Preschoolers – Protector Of Oceania

Youth Climate Change Advocate Salote Nasalo said the interaction was in a way creating mentorship and being good role models on what children should and should not do with disposals.

“It’s always good to administer being protectors of Oceania to them at a very young and delicate age. Such activities build good foundation and it will teach them to be aware of their environment and do what is right,” Ms Nasalo said.

“We are at the frontline of climate change impacts and we see the drastic effects of climate change in the Pacific,” Ms Nasalo said.

“Climate change needs to be addressed at a very young age especially into the school curriculum both theoretically and practically. These kids are very active and they will produce positive action when we show them the ropes at their level.”

Picking up rubbish by USP Educare Centre preschoolers. Photo: Kelera Sovasiga-Tuisawau

Picking up rubbish by USP Educare Centre preschoolers. Photo: Kelera Sovasiga-Tuisawau

It was the first time for Ms Nasalo to work with children compared to individuals from high schools and other universities. “It’s been fun and a learning moment for us here.”

She added that during rainfall, carelessly disposed rubbish will enter marine ecosystems one way or the other.

“Some of these marine lives are critically endangered or vulnerable to extinction and these will affect its population size. Ms Nasalo is in her final semester of completing her Master of Science in Climate Change.

She is also a scholar of the Australian Centre for International Agricultural Research (ACIAR).

“My heart is full when I see young advocates being nurtured to follow our lead because they are the ones taking over the legacy that we will leave behind.”

 

TURNING RUBBISH INTO TREASURE

Displayed at the grounds for the children were art made from marine debris. Head teacher, Ms Rarako thanked the for showing children that we can turn rubbish into treasure.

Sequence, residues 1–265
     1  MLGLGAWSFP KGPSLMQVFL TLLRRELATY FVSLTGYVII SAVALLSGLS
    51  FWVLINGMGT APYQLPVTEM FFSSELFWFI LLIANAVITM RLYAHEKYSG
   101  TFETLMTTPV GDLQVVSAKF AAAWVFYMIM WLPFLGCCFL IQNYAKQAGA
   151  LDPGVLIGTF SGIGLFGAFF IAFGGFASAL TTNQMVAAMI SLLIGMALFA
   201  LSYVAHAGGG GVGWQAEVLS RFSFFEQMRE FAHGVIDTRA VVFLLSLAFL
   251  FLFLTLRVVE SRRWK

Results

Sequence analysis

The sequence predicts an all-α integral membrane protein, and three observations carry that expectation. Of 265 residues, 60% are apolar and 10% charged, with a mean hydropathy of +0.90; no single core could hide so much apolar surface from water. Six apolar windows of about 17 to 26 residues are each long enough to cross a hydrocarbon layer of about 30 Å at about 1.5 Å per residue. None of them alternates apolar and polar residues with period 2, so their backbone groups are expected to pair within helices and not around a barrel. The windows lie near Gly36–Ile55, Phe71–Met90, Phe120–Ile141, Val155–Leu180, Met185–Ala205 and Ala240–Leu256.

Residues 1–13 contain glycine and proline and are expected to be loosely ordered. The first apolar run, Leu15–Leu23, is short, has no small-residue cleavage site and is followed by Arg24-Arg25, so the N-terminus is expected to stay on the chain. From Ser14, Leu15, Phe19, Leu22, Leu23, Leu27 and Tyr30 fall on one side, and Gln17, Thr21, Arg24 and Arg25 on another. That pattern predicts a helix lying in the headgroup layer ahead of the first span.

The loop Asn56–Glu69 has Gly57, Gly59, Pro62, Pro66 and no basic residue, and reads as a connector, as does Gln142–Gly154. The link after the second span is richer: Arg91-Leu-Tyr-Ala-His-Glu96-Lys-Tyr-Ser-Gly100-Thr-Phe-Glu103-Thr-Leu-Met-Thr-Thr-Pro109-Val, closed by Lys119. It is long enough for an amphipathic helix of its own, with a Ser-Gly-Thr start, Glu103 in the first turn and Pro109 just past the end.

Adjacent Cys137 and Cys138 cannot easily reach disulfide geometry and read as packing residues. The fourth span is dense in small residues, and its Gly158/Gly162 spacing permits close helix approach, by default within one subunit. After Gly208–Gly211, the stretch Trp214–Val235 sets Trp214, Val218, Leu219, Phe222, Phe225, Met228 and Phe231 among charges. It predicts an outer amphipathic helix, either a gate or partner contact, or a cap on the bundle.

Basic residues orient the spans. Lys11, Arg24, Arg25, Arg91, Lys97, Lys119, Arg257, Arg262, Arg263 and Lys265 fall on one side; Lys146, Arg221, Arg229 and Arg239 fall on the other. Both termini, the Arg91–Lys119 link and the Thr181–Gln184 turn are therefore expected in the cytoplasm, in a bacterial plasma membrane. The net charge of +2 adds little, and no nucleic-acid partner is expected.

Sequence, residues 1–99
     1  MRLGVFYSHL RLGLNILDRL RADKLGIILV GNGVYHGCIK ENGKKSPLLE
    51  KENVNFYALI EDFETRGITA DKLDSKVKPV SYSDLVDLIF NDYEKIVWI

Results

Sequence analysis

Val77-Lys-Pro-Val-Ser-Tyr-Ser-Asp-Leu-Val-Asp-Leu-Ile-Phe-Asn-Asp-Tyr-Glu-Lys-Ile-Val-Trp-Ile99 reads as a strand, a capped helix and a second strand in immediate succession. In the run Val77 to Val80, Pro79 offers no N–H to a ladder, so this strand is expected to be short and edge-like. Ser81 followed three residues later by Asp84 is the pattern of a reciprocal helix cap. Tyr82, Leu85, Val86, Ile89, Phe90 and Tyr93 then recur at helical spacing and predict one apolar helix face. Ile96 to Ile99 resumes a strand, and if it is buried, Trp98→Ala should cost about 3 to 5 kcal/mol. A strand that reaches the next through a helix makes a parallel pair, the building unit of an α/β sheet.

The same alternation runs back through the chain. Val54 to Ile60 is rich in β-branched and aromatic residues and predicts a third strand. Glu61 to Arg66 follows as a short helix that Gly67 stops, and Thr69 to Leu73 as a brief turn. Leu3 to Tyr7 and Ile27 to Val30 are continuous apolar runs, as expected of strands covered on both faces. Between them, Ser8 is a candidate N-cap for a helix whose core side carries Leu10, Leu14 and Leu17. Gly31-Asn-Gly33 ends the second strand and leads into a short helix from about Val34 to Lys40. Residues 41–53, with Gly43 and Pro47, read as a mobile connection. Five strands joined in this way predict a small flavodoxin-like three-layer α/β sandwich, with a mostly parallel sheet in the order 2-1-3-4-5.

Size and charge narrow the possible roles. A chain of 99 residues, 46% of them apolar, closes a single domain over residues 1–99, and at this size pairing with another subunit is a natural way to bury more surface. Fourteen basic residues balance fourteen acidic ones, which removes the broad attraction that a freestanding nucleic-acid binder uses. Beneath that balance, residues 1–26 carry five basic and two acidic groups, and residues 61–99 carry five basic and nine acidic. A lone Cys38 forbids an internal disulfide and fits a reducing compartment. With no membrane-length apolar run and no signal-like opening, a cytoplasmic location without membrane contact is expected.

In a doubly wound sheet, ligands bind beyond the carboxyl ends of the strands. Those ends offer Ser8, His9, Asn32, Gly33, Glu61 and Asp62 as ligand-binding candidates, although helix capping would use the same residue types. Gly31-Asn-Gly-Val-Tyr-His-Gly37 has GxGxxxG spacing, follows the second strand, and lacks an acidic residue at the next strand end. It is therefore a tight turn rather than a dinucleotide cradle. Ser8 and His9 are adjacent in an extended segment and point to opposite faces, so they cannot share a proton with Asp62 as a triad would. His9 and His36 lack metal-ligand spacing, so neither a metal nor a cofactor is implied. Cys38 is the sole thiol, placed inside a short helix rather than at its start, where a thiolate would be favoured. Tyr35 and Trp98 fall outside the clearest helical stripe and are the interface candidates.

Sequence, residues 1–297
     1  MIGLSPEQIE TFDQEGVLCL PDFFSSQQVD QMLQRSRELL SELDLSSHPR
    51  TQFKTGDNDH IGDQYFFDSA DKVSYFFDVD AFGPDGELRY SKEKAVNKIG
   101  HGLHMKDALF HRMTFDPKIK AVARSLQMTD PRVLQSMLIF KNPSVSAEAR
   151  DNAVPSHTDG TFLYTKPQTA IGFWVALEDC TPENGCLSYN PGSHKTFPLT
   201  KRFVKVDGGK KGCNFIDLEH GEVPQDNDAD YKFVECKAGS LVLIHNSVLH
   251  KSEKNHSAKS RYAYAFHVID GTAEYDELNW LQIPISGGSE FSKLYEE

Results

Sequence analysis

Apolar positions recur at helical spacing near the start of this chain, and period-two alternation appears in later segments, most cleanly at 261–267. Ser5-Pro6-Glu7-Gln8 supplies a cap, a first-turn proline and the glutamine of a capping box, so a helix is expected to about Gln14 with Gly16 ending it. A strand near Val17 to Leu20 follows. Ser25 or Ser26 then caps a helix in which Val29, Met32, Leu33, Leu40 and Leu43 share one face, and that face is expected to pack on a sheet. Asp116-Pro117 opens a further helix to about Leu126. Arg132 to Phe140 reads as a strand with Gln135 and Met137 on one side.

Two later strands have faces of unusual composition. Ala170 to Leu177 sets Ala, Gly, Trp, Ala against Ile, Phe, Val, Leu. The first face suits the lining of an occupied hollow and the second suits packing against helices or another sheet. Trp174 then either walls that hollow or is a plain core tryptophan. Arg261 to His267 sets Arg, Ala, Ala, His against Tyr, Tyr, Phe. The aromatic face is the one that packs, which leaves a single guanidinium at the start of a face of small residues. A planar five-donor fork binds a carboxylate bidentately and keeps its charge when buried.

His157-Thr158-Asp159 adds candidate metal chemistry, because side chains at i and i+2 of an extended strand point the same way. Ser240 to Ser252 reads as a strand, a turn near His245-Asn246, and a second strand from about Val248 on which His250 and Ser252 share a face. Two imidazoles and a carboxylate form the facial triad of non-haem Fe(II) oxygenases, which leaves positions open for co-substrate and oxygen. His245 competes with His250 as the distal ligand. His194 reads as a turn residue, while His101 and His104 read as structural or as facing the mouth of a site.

“I noticed how the kids went up to the art displayed and were touching the tire that had the clothes peg and bottle caps glued to it. It’s a joy to see them explore these new things,” she said.

Co-founder of Pacific Ocean Litter Youth Project (POLYP), Suzanne Turaganiwai said the artwork was from different Marine Debris Artivism workshops.

“It’s sort of an awareness for communities about the types of rubbish that are coming in wastes and its impacts it has on our coastal areas,” Ms Turaganiwai said.

The art collection has been docmented on her Instagram page, ‘Benu ni waitui’. Since November of last year, the POLYP group has been conducting cleanups twice a week along the lower campus beach. Mondays and Fridays at 4pm. Then on Wednesdays, the rubbish is taken in for weighing.

Art made from marine debris. Photo: Kelera Sovasiga-Tuisawau

Art made from marine debris. Photo: Kelera Sovasiga-Tuisawau

“We collect and weigh the rubbish just to categorise and quantify the types of marine debris that have being washed up.”

“Since November, we have collected about two tonnes of rubbish.” Ms Turaganiwai was pleased with the approach from the Educare Centre to involve the children in the clean up campaign and on climate change.

“It all starts from home. If parents can take up some sustainable habits in their lifestyle in what they buy and how they dispose and manage their waste.”

Children will see, learn and do and it will become good habits for them.” POLYP is also co-founded by USP’s master’s in marine science student Andrew Paris.

Mr Paris is also a co-author of the research journal ‘Presence and abundance of microplastics in edible freshwater mussels (Batissa voilacea) on Fiji’s main island of Viti Levu’.

Rubbish collected during the cleanup. Photo: Kelera Sovasiga-Tuisawau

Rubbish collected during the cleanup. Photo: Kelera Sovasiga-Tuisawau

Professor Holland Applauds Youngsters

Before returning to the Centre, the children ended their trip with lunch and games. USP’s Professor for Ocean and Climate Change and Director for Pacific Centre for Environment and Sustainable Development (PaCESD), Elisabeth Holland applauded the preschoolers for their amazing cooperation and interest in the environment and climate change. “YOU ARE CLIMATE WARRIORS!!” she told the children as they shouted in excitement.

 

Feedback: kelera.sovasiga@fijisun.com.fj